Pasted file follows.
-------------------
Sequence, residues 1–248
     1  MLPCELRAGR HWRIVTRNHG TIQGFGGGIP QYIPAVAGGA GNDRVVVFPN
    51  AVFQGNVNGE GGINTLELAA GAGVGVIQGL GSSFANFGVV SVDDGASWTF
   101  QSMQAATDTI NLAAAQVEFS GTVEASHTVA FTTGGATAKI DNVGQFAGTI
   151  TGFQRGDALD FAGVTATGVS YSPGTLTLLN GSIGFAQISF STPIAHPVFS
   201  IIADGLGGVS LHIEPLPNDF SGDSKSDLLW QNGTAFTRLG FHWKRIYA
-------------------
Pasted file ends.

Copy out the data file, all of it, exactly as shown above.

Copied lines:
Sequence, residues 1–248
     1  MLPCELRAGR HWRIVTRNHG TIQGFGGGIP QYIPAVAGGA GNDRVVVFPN
    51  AVFQGNVNGE GGINTLELAA GAGVGVIQGL GSSFANFGVV SVDDGASWTF
   101  QSMQAATDTI NLAAAQVEFS GTVEASHTVA FTTGGATAKI DNVGQFAGTI
   151  TGFQRGDALD FAGVTATGVS YSPGTLTLLN GSIGFAQISF STPIAHPVFS
   201  IIADGLGGVS LHIEPLPNDF SGDSKSDLLW QNGTAFTRLG FHWKRIYA